Oxfam and the National Human Rights Coordinator have published an important report written by Aymara León and Mario Zúñiga. It provides in-depth analysis of the number and causes of the numerous oil spills in the northern Peruvian Amazon and their impacts on the local people and the environment. It presents a number of challenging recommendations for the industry, government and the country as a whole.
Indigenous protests against oil spills in Peru’s Amazon region have regularly appeared in the media over the last two decades, including being highlighted here. There have been conflicting versions about who is responsible and the scale of the impacts. Numerous negotiations have taken place and unfilled promises have been made. Meanwhile there has been a slow but certain deterioration of the environment. This report represents the most detailed examination of the issues to date.
It includes a serious and in-depth analysis of the data collected on spills, the impacted sites, the distribution of benefits and the degree of local participation in the development and implementation of environmental regulations by the state. By analysing and consolidating official data from the Environmental Evaluation and Monitoring Agency (OEFA) and the Ministry of Energy and Mine’s agency for supervising energy investments (OSINERGMIN), the report reveals that the activities of extracting and transporting oil through the northern Peruvian oil pipeline led to 474 spills between 2000 and 2019 of which two-third (65%) were due to pipeline corrosion and operating failures.
Furthermore, the report notes that since the 1970s there have been more than 2,000 sites with unremediated environmental damage from oil production activities. After lengthy negotiations with the federations representing the indigenous communities in Block 192, the state agreed to remedy 32 priority contaminated sites at an estimated cost over 600 million soles. Up to now only 183.4 million soles have been authorised, enough to remedy ten sites. If the Pluspetrol oil company is not held responsible for the damage in Block 192, the Peruvian taxpayer will have to pick up the tab.
Important though the statistical revelations may be, the report contains much more. It analyses in thoughtful detail the benefits from oil production versus the social and environmental costs of the oil spills. It highlights the contrast between the advanced technology employed by the companies and their shoddy environmental management. And it analyses in careful detail the conflicting evidence and competing narratives concerning responsibilities for the spills.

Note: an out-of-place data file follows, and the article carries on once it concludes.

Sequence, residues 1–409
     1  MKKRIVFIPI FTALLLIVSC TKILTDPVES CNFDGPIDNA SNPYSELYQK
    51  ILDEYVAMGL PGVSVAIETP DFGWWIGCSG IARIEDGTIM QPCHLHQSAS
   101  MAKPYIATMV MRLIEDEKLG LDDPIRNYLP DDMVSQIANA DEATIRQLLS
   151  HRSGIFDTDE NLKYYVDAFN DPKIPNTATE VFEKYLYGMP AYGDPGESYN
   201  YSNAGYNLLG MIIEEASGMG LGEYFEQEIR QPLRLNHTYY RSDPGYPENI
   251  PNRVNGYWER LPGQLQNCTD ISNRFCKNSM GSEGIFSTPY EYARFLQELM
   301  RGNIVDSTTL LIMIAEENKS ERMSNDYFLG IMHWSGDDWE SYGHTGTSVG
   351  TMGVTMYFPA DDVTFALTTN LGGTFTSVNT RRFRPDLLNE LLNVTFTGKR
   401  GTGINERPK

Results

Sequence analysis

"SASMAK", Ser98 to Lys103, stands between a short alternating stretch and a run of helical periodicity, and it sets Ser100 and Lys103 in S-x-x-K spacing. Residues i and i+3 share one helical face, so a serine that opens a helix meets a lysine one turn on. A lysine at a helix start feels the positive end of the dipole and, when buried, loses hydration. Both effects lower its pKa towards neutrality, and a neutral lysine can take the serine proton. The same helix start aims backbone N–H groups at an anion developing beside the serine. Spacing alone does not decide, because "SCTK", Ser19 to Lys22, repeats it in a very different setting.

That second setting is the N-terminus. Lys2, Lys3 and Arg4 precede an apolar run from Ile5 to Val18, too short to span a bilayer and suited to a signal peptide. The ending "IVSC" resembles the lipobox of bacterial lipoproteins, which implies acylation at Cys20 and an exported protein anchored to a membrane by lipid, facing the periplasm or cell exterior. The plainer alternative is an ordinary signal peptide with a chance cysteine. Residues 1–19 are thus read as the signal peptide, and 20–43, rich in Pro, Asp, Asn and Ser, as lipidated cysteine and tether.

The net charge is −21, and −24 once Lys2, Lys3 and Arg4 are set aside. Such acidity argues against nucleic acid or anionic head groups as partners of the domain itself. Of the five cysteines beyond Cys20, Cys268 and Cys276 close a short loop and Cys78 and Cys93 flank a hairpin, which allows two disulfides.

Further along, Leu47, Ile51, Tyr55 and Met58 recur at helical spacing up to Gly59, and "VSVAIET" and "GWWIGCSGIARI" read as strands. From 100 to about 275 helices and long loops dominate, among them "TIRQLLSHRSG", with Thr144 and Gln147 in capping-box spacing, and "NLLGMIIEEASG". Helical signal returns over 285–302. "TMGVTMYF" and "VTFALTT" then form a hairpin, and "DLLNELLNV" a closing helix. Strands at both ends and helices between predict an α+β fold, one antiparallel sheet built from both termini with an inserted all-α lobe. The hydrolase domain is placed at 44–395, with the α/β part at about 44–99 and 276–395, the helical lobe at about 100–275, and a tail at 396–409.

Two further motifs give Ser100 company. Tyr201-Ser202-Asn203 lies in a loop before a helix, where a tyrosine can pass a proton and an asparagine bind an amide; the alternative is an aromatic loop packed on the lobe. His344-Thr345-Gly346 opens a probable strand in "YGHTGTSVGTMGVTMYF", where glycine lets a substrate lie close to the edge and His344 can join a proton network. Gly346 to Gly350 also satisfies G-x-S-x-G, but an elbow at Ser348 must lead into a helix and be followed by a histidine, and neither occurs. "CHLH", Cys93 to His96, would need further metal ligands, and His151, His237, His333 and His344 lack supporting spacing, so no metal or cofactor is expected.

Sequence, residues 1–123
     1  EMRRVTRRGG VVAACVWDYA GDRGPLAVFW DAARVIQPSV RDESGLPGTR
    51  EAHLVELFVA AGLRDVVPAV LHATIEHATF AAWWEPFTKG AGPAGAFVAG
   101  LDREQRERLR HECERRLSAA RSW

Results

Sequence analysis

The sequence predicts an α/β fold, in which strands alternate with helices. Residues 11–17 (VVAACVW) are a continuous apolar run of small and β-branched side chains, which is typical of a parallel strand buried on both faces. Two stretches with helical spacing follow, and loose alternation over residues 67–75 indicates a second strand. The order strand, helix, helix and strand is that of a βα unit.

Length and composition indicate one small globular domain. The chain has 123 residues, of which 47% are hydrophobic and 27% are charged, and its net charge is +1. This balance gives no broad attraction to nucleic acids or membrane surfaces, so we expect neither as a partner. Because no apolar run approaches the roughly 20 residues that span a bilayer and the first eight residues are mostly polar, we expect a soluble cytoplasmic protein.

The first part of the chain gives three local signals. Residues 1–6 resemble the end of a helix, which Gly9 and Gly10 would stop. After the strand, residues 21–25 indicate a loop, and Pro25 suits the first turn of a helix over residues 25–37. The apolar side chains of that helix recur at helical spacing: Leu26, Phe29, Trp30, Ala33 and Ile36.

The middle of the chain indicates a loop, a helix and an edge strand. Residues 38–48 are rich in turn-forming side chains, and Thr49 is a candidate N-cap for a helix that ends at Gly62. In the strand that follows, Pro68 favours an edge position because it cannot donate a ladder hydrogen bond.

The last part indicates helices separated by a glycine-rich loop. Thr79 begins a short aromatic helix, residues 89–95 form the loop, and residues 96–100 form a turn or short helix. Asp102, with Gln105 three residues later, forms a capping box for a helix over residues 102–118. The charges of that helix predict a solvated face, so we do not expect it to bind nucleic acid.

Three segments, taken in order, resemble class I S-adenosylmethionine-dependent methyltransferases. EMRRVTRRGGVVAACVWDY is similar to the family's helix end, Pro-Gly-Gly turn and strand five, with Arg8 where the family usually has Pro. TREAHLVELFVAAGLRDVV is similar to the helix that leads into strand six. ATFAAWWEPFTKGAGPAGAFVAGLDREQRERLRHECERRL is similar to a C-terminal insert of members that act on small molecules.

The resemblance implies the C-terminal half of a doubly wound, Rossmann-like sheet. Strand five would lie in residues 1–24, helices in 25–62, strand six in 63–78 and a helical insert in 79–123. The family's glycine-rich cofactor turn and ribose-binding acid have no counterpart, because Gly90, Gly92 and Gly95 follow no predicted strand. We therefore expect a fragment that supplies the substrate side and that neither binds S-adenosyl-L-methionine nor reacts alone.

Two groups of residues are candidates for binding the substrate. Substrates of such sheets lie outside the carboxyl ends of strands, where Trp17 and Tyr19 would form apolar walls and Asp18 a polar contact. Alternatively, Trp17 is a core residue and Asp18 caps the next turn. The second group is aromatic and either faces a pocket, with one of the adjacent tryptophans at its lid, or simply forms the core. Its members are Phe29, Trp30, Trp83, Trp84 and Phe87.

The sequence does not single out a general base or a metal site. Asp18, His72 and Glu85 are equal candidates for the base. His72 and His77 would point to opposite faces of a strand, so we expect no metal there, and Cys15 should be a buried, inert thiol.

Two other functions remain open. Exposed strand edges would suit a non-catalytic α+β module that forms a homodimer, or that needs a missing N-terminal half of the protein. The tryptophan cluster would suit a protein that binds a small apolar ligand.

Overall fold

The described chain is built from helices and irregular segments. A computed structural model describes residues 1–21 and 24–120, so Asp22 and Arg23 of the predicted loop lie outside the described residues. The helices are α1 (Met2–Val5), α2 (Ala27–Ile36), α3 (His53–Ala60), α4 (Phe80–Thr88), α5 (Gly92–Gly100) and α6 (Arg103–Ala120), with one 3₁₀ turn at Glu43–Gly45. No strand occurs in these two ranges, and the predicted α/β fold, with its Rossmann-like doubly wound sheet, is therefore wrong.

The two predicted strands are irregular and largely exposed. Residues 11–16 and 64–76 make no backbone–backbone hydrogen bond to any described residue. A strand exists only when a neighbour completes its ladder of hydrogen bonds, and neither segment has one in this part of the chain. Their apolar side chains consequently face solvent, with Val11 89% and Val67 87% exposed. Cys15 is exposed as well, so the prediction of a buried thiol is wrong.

The report concludes that those mainly responsible have been the companies themselves, due to poor environmental management and lack of maintenance of their facilities, but that the clear evidence of deliberate damage to the pipeline infrastructure suggests collusion between oil company employees, government officials and the companies brought in to remedy the damage. Government officials and company representatives have repeatedly blamed the indigenous communities affected by the spills.
The report reaches five general conclusions.
- An exclusively economic focus is insufficient to measure the costs and benefits of oil extraction in the Amazon.
- Despite claims about the employment of advanced technology and an emphasis on environmental sustainability, the infrastructure and practices of the industry in the region are precarious.
- There has been an increase in blame shifting and attempts to criminalise those critical of the industry.
- A revision of the methods used to investigate oil leaks and determine responsibilities need to be carried out. More attention needs to be devoted to the so called ‘remediation club’ while the contributions of community environmental monitoring also need to be taken into consideration.
- Oil impacts, the social conflicts that arise, and the unequal transformations of life horizons continue to affect the lives of those living in proximity to oil installations.
Amongst its fourteen recommendations to government, industry and civil society, the report highlights the need to consider production moratoria in zones where the environmental and social costs do not compensate the benefits derived from oil production. It argues that this is the first in a series of urgent steps to change the country’s energy production and consumption matrix.